Party Reform is a new comparative study of the politics of party organization. The book provides a novel perspective in party scholarship and develops the concept of 'reform' as distinct from evolutionary and incremental processes of party change. As an outcome, reform is captured in deliberate and often very public changes to parties' organizational rules and processes. As a process, it offers a party the opportunity to 're-brand' and publicly alter its image, to emphasize certain strategic priorities over others, and to alter relationships of power within the party.

Analyzing the last ten years of party reform across a handful of established democracies including Australia, the United Kingdom, Canada and Germany, the book examines what motivates political parties to undertake organizational reforms and how they go about this process. Party Reform reveals how parties' perceptions of the social trends in which they operate shape reform agendas, and how this relates to competitive demands and pressures from within the party for organizational change. In addition to the motivations for reform, the book is equally concerned with the process of reform. The book demonstrates that declining party memberships have had a fundamental effect on the way in which political parties 'sell' organizational reform: as part of a broader rhetoric of democratization, of re-engagement, and of modernization delivered to diverse audiences - both internal and external to the party. The chapters focus particularly on four key reform initiatives that begin to blur the traditional boundaries of party: the introduction of primaries, the changing meaning of party membership, issues-based online policy development, and community organizing campaigns.

Strengthening Electoral Inegrity

Pippa Norris - Cambridge University Press - 2017

Today a general mood of pessimism surrounds Western efforts to strengthen elections and democracy abroad. Observers claim that democracy is in decline or retreat. Skepticism among scholars has spread to political leaders. Donald Trump calls American attempts to build democracy from Iraq to Egypt to Libya a dangerous mistake triggering instability and chaos. This fuels isolationist calls for Western powers to abandon nation-building abroad and put domestic interests first.

To counter the prevailing ethos, this book presents new evidence for the pragmatic case why international programs of electoral assistance work. Systematic research demonstrates that electoral integrity is strengthened by a series of practical projects where international organizations and bilateral donors support the efforts of local stakeholders –to reform electoral laws, strengthen women’s representation, promote the independent media, regulate political money, and improve voter registration.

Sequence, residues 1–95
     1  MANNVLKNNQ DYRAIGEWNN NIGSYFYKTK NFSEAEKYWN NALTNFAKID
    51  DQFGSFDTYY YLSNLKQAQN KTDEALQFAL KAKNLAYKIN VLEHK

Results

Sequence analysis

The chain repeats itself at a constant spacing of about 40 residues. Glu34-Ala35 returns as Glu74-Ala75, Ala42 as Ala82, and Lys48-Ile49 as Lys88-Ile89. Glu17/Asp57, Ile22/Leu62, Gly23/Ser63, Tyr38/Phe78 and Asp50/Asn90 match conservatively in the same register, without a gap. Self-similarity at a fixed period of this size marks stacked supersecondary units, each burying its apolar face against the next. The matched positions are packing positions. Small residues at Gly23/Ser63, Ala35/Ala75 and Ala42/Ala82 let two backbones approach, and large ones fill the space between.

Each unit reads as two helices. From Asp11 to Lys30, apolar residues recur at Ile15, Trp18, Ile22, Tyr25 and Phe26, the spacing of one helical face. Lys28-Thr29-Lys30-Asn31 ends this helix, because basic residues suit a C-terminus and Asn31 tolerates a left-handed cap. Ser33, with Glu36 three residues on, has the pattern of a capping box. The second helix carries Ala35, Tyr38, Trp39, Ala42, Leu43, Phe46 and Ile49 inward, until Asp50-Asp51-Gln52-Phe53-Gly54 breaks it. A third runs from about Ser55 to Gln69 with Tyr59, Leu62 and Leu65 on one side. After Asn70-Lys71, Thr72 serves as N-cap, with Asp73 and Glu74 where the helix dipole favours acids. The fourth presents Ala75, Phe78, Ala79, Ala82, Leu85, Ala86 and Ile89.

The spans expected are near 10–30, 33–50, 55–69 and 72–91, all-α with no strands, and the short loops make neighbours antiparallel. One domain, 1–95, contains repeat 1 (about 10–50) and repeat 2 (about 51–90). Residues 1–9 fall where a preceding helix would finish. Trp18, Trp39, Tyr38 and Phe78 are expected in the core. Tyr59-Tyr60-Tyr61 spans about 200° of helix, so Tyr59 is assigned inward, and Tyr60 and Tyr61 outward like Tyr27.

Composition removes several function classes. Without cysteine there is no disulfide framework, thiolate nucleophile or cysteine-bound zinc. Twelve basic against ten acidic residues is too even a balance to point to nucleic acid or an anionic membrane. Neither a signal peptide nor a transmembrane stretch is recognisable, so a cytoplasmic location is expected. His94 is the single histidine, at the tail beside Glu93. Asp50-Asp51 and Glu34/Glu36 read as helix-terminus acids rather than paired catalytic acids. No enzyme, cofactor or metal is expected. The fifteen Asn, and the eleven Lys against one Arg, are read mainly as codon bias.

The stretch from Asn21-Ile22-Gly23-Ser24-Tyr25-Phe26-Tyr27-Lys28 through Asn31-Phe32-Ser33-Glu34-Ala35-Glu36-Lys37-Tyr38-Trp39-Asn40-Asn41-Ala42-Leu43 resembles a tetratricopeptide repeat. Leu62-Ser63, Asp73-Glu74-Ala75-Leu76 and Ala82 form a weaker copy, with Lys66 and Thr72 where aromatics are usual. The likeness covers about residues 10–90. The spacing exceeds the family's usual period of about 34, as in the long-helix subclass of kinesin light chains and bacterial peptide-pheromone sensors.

Success should not be exaggerated. Not everything works, by any means. Electoral assistance is most effective where the strengths and weaknesses of international agencies and programs match the threats and opportunities facing reforms in each society.  Efforts are often greatest in the riskiest contexts. Expectations are commonly inflated. Agencies need to gather better evidence to evaluate programs. But this does not mean that international attempts to strengthen elections should be reduced or even abandoned. Since 1948, the world has been committed to supporting free and fair contests reflecting the general will of the people. It would be a tragedy to undermine progress now by slipping backwards, withdrawing from international engagement, neglecting requests for support by local reformers, and thereby weakening prospects for democracy and fundamental electoral rights to self-determination.

 

Election Watchdogs: Transparency, Accountability and Integrity

Pippa Norris - Oxford University Press - July 2017

Recent decades have seen growing concern regarding problems of electoral integrity. The most overt malpractices used by rulers include imprisoning dissidents, harassing adversaries, coercing voters, vote-rigging counts, and even blatant disregard for the popular vote. Elsewhere minor irregularities are common, exemplified by inaccurate voter registers, maladministration of polling facilities, lack of security in absentee ballots, pro-government media bias, ballot miscounts, and gerrymandering. Serious violations of human rights that undermine electoral credibility are widely condemned by domestic observers and the international community. Recent protests about integrity have mobilized in countries as diverse as Russia, Mexico, and Egypt. However, long-standing democracies are far from immune to these ills; past problems include the notorious hanging chads in Florida in 2000 and more recent accusations of voter fraud and voter suppression during the Obama-Romney contest. When problems come to light, however, is anyone held to account and are effective remedies implemented?

In response to these developments, there have been growing attempts to analyze flaws in electoral integrity and transparency using systematic data from cross-national time-series, forensic analysis, field experiments, case studies, and new instruments monitoring mass and elite perceptions of malpractices. This volume collects essays from international experts who evaluate the robustness, conceptual validity, and reliability of the growing body of evidence. The essays compare alternative approaches and apply these methods to evaluate the quality of elections in several areas, including the United States, Sub-Saharan Africa, and Latin America. Election Watchdogs:Transparency, Accountability and Integrity presents new insights into the importance of diverse actors who promote electoral transparency, accountability, and ultimately the integrity of electoral governance.